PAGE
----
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Open AccessArticle

What Is Nutritious Snack Food? A Comparison of Expert and Layperson Assessments

1
Institute of Food, Nutrition and Health (IFNH), ETH Zürich, Universitätstrasse 22, Zürich 8092, Switzerland
2
School of Health Sciences, Faculty of Health and Medicine, University of Newcastle, Callaghan, NSW 2308, Australia
3
Priority Research Centre in Physical Activity and Nutrition, University of Newcastle, Callaghan, NSW 2308, Australia
*
Author to whom correspondence should be addressed.
Nutrients 2017, 9(8), 874; https://doi.org/10.3390/nu9080874
Received: 12 July 2017 / Revised: 4 August 2017 / Accepted: 9 August 2017 / Published: 14 August 2017

Abstract

The term “nutritious” is being increasingly used by product manufacturers but the term is not currently regulated as a nutrition claim. It is unclear how lay consumers and experts define and interpret the term or how they evaluate the “nutritiousness” of various foods. To address this evidence gap, a mixed methods design was applied and both nutrition experts (n = 206) and lay participants (n = 269) provided definitions of the term “nutritious” and evaluated the “nutritiousness” of 20 different snack foods in a cross-sectional survey. Definitions were analysed using Leximancer and snack evaluations were compared both between groups and with nutrient profile scores (UK Ofcom and Australian Health Star Rating). Expert and lay definitions differed considerably, with experts using terms such as nutrient-density, macro- and micronutrients, kilojoules/Calories, while lay consumers used descriptions such as fuel, fresh, natural, body needs, and functioning. Snack evaluations were highly correlated between groups (Rs > 0.89, p < 0.001) and between nutrient profile scores (Rs > 0.75, p < 0.001). However, mean perceptions significantly differed for 18 out of 20 foods with the largest difference for yoghurts (p < 0.05). There are discrepancies between expert and lay perceptions of snack foods and the definition of the term “nutritious”. The results highlight the need for an agreed definition and the potential regulation of the term “nutritious” in food marketing.
Keywords: health perception; portion size; food labels; healthy choice; language analysis; mixed-method design; health claim health perception; portion size; food labels; healthy choice; language analysis; mixed-method design; health claim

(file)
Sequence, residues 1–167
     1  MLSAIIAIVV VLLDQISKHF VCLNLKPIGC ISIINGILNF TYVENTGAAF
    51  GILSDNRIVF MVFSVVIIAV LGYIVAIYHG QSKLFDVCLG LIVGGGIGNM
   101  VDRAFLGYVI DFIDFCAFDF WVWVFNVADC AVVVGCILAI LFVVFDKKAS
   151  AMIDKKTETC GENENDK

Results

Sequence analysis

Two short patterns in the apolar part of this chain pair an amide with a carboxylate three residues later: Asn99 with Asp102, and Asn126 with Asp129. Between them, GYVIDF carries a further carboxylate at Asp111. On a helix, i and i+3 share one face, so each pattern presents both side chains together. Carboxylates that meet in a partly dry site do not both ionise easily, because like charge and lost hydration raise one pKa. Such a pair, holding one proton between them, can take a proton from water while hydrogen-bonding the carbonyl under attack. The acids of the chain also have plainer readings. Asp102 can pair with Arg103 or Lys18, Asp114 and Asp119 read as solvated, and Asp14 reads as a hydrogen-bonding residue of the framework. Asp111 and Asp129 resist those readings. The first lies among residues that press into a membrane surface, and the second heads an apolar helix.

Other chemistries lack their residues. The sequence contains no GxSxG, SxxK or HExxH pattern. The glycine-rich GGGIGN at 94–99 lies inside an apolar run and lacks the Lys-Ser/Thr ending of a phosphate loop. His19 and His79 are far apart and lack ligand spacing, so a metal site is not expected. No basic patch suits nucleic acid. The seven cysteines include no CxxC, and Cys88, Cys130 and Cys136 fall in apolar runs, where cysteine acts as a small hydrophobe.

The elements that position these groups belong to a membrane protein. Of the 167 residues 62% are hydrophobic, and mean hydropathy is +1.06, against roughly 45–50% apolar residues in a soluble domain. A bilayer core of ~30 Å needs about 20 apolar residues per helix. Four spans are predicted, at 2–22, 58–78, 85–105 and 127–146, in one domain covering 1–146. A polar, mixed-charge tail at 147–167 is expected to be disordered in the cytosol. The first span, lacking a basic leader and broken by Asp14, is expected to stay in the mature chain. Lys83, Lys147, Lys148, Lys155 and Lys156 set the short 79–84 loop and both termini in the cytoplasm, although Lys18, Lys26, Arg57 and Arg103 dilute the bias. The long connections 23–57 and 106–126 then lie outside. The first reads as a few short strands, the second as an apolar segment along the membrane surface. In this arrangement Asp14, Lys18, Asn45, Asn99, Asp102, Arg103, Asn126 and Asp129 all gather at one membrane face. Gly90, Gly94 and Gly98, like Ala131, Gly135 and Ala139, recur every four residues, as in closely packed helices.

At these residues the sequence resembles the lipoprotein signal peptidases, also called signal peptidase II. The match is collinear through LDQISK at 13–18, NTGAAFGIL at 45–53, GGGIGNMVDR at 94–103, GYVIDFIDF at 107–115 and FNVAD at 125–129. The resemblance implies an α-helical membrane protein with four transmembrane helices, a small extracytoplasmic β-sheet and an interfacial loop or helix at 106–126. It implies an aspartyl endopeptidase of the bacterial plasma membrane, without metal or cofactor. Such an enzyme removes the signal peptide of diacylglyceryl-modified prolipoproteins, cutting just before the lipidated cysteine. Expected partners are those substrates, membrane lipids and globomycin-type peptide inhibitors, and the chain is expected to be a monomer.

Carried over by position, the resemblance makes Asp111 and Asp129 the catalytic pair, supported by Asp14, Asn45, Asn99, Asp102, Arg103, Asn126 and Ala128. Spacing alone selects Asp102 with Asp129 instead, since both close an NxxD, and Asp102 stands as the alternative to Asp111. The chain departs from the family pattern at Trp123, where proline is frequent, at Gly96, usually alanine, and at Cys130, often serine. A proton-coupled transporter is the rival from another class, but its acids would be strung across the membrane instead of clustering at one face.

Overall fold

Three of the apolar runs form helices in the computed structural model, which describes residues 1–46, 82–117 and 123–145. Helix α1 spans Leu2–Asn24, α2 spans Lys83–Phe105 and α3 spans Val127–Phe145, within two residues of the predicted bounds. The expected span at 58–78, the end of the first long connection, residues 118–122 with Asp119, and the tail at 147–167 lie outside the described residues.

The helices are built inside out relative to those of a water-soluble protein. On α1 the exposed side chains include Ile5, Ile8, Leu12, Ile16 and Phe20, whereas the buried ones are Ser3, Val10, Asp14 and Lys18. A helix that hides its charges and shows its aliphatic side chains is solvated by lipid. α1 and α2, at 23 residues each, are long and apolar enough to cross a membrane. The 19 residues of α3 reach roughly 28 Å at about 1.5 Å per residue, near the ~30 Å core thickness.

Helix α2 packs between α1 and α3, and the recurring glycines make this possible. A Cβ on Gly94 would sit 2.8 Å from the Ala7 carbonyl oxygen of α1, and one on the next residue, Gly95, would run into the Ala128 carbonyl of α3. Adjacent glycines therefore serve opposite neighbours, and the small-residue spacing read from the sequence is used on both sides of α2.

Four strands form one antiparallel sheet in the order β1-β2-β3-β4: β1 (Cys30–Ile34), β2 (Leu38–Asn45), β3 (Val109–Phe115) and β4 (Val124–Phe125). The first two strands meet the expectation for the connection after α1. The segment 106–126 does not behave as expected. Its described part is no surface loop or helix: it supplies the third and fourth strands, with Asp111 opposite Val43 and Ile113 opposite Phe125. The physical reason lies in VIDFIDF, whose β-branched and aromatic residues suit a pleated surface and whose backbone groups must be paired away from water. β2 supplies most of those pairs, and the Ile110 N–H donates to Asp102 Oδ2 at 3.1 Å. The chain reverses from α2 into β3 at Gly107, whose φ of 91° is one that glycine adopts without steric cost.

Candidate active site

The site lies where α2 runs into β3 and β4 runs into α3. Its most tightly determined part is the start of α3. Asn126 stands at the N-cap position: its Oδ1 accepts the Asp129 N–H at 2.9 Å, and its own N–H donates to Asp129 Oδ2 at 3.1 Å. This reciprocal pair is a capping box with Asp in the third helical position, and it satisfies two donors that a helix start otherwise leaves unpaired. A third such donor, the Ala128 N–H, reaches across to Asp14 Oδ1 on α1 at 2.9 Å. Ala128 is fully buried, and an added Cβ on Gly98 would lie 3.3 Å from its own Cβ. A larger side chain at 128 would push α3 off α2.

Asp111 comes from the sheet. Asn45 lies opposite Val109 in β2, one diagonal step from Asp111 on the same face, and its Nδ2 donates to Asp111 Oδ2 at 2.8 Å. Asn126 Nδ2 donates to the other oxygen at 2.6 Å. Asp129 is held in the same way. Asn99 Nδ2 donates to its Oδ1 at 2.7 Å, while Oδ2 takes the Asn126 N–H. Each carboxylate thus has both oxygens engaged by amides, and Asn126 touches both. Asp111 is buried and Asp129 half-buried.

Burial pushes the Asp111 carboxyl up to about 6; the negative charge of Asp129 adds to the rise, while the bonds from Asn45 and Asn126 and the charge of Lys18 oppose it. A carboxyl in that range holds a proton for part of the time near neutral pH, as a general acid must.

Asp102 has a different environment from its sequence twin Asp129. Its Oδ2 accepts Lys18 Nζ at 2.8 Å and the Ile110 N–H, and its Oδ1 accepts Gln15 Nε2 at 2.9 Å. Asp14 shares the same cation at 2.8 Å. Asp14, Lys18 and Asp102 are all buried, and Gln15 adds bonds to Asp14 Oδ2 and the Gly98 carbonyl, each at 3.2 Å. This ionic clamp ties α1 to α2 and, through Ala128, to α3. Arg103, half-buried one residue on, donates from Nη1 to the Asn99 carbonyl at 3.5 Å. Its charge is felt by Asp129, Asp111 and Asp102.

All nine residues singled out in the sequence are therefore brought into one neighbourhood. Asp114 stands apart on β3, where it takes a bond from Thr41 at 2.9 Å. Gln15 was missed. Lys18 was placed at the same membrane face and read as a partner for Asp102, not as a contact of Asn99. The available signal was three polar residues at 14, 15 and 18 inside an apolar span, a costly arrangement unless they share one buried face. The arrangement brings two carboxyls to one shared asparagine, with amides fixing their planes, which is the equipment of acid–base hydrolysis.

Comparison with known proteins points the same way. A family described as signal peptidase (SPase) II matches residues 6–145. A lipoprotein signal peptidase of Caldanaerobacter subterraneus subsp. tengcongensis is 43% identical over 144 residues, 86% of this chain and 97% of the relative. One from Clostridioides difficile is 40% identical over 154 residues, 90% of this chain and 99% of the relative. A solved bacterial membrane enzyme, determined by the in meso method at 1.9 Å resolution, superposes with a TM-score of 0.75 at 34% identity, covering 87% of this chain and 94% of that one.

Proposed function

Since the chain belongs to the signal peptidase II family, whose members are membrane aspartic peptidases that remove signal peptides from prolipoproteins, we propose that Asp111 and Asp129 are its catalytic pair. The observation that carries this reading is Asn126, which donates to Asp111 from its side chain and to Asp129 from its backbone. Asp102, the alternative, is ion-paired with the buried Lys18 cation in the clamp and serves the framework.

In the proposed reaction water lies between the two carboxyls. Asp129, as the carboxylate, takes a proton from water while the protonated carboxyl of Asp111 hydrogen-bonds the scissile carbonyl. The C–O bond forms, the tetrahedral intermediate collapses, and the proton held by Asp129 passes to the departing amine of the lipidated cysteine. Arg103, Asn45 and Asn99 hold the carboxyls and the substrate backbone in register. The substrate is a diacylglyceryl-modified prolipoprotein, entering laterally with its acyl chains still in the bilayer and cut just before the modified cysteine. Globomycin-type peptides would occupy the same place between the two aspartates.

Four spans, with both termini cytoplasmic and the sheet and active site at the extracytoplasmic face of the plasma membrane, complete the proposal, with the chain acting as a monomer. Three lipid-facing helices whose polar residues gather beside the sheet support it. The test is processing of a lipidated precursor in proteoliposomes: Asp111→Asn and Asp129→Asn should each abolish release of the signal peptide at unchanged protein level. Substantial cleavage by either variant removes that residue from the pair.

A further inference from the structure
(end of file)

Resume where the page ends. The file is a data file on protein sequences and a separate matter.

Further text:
1. Introduction

Choosing a variety of healthy foods and adequate portion sizes is important for weight management and overall health [1,2,3]. A systematic review of 28 studies, which examined the relationship between diet quality, morbidity, and mortality, demonstrated that higher diet quality was consistently inversely related to all-cause mortality [1]. In addition to choosing a variety of foods to optimise intake of essential nutrients, selecting adequate portion sizes is important in terms of energy intake. However, research shows that people tend to focus more on the type of food consumed rather than the amount [4,5]. To help consumers choose nutritious foods in healthy proportions, we need to understand how consumers perceive and evaluate food and how they define different terms, such as “healthiness” and “nutritiousness”. Knowing how people interpret and implement nutrition information is important for stakeholders who aim to promote health by communicating nutrition information on how to improve food selection and portion size choices.
Informing consumers via nutrition labels and health claims is one possible avenue to promote population health. Consumer perceptions and responses to health claims have been studied extensively [6,7,8], and health and content claims are strictly regulated within the European Union, Australia, and other countries. However, more general terms such as “healthy”, “natural”, “nutritious” and images indicating healthy options or health benefits [9] are poorly regulated yet frequently used for marketing purposes. In the USA, the US Food and Drug Administration (FDA) regulates the use of the term “healthy” [10] and this encourages manufacturers to advertise with non-legislated terms such as “wholesome” or “nutritious” [11].
To date, the term “nutritious” or “nutritious food” lacks a clear definition [12] and it is unknown how consumers interpret it. A “nutritious” claim may mislead consumers into thinking that a product is good for their health, even if it contains unfavourable amounts of sugar, fat, or sodium. This has previously been observed with claims such as “low fat” or “high in vitamin C” [13,14,15].